Deadly wildfires continue to rage in northern and southern California as the death toll steadily climbed to 29. Authorities now say more than 228 people are missing.
Fierce wildfires have killed at least 29 people in California, authorities said on Sunday, as firefighters continued to battle raging blazes at both ends of drought-stricken state.
In northern California, rescue teams extended the search for bodies after an inferno swept across the town of Paradise and destroyed more than 6,700 homes and businesses, making it the state's most destructive fire in at least a century.
The blaze, known as the Camp Fire, began on Thursday and grew rapidly, wiping out much of Paradise, home to some 30,000 residents. So far it has incinerated 111,000 acres (45,000 hectares) and is 25 percent contained, Cal Fire said.
There are 228 people are still missing, Butte County Sheriff Cory Honea said on Sunday night, raising the number unaccounted for by more than a hundred from the previous day.
People searched for missing family and friends at evacuation centers, police stations and hospitals in the hope that loved ones had lost cell phones or other ways to make contact.
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Fire threatens Malibu
Two wildfires also continued to wreak havoc in southern California, forcing hundreds of thousands of people to flee. Two people have been reported killed.
Evacuation orders included the entire town of Malibu, which is home to 13,000 residents. Some of Hollywood's biggest stars were among the evacuees.
"I am thinking so deeply for everyone who is suffering today from these abominable fires and grieving the loss of their homes or loved ones," Lady Gaga said in a tweet.
The blaze also threatened parts of the nearby town of Thousand Oaks, which saw a gun attack earlier this week at a dance bar in which 12 people were killed.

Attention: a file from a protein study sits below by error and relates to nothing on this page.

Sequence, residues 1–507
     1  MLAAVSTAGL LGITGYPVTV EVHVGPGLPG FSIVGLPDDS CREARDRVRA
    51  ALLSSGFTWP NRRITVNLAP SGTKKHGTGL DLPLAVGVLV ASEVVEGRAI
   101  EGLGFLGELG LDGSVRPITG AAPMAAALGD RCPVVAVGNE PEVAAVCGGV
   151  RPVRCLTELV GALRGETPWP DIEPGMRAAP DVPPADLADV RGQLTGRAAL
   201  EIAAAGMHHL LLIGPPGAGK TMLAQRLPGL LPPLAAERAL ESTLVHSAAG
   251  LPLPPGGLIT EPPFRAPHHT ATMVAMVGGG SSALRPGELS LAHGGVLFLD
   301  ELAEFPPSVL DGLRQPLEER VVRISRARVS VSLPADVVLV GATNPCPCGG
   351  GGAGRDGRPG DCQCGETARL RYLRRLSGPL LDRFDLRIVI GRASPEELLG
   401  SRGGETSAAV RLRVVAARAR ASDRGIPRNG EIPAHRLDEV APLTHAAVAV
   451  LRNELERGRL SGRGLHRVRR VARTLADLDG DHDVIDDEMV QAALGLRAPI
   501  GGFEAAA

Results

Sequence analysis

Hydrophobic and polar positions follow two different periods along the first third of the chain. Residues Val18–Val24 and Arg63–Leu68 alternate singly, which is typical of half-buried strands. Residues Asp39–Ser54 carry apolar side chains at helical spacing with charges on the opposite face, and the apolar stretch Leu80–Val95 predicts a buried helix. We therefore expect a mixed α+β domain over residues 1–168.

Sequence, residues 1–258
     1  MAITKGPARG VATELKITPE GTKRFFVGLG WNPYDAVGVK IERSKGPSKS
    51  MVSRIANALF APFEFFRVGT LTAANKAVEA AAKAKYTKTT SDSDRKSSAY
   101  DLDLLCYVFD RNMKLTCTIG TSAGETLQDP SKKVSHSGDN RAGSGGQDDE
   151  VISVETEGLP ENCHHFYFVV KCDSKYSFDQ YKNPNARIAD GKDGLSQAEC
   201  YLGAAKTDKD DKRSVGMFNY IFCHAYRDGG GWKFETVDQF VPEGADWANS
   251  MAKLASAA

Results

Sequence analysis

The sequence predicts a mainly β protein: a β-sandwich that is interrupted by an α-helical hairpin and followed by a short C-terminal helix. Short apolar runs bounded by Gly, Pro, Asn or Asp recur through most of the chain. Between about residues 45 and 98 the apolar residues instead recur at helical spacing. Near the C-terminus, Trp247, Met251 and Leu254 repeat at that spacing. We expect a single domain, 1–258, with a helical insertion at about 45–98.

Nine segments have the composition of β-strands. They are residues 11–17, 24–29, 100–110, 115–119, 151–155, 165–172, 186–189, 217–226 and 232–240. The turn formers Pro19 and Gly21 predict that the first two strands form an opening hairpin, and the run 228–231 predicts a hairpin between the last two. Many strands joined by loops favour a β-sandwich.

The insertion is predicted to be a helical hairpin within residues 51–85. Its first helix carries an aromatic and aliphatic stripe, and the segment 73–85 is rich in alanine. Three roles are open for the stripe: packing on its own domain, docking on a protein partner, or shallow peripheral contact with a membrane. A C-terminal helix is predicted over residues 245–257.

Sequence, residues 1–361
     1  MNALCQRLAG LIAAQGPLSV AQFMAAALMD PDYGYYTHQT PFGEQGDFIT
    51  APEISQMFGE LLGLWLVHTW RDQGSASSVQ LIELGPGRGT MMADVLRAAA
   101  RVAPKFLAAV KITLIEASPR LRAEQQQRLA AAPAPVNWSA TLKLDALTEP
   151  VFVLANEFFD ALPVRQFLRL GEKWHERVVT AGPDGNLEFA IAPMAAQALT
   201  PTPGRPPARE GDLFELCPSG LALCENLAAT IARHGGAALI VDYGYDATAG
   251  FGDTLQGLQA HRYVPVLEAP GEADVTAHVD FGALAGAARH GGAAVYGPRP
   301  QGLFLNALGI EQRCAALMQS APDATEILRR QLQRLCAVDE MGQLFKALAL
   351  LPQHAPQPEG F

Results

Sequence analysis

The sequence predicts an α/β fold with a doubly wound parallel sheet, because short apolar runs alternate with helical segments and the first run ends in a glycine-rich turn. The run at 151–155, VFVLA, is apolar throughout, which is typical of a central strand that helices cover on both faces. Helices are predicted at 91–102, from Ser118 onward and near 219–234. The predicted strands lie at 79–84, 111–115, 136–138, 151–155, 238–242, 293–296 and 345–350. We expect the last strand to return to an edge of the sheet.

Trump chimes in
More than 8,000 firefighters are battling wildfires in the state raging across some 400 square miles (1,040 square kilometers).
California governor Jerry Brown said he made a formal request to the federal government for a "major disaster declaration," which can be made by the president.
President Donald Trump, however, has threatened to suspend federal assistance to California, accusing the state of failing to prevent the fires.
"There is no reason for these massive, deadly and costly forest fires in California except that forest management is so poor," Trump said in a tweet. "Billions of dollars are given each year, with so many lives lost, all because of gross mismanagement of the forests."
The Pasadena California Firefighters Association responded to the president on Twitter.
"Mr. President, with all due respect, you are wrong. The fires in So. Cal are urban interface fires and have NOTHING to do with forest management. Come to SoCal and learn the facts & help the victims," Pasadena Firefighters Association chief Scott Austin wrote.
Over the past decade, California has witnessed massive wildfires wreak havoc across the western state. Studies have said wildfires often start due to extremely dry conditions, such as droughts that are spurred by climate change.
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